Content Marketing Metrics: How is Content Marketing More Than “Creating” & “Marketing” Content?
It clearly shows that marketers see value in content creation, syndication, and distribution.
We talked about how content creation is more than creating mediocre content or repurposing what is already out there.
But is that all? No, not really.
Your buyers won’t find on your blog one morning and decide to invest in your product/services.
Strategic content distribution and syndication are just as crucial. You need to have a marketing strategy for your content.
Marketers who have achieved their goals through content marketing have gone a step further to measure their efforts and take corrective actions
So, what are these content measurement metrics?
Key questions: How long does a visitor stay on your webpage? How many visitors do you have?
It deals with page views, unique vs. repeats visitors and average time spent on a page. While these measurements deal with websites, it covers reach, impressions, and clicks for social media and rates and click-throughs for emails.
Overall, this content performance metrics will help you understand the patterns of interest and know which content topics are most visited.
Key questions: How many repeat visitors do you have? Are visitors subscribing/unsubscribing to get updates from you and if yes, how many?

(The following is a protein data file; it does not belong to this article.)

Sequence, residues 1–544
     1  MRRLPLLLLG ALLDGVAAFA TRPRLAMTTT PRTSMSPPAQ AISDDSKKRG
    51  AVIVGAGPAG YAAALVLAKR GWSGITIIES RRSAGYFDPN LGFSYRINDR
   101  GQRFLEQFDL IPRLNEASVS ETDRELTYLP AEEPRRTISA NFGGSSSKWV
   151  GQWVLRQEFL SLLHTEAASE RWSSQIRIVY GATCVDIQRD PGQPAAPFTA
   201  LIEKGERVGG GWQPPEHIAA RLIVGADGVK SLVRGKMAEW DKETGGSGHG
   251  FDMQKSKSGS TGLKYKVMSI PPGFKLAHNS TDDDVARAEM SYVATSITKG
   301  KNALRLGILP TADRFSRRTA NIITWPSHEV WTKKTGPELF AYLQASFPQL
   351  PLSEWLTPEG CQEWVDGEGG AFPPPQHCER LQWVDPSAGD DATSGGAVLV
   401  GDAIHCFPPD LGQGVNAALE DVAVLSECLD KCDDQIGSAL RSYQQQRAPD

It deals with the percentage of repeat visitors, bounce rate, the number of visits by one visitor and the last time he/she visited your website. Retention metrics also analyze the number of relevant followers you get on social media and subscribers/unsubscribers for email updates.
This content performance metrics will allow you to
- Focus on balancing new vs. repeat visitors
- Focus on improving content if your bounce rate is too high or if you have more unsubscribers than subscribers
- Schedule content to ensure maximum consumption
Key questions: Are your visitors commenting on your posts? Are they conversing about your content on social media? Are they spending a considerable amount of their time on your website? (Hint: they are most likely to be a lead).
Engagement metrics also deals with two brilliant (and our favorite!) metrics. Scroll depth and content affix.
While scroll depth tells you exactly where does your audience scroll till (Do they scroll 10% or 90% of your content?); content affix tells you exactly where in an article did they spend the most of their time. Both read together helps you understand how to restructure your content to ensure that the audience sees, read and do what you have in store for them.
It deals with social referrals and actions taken on your content.
Content Marketing Metrics #5: Sales
Sales metrics deals with revenue per sale, sales from returning vs. new customers, sales per prior activity, a number of successful collaborations, the average length of the sales cycle, and *drumroll*, please
It allows you to analyze leads who read (and who haven’t read) your content which helps you understand the actual success of content marketing efforts.
So, figure out what are the relevant metrics for your content and start measuring it. As Peter Drucker says
“What gets measured gets managed.”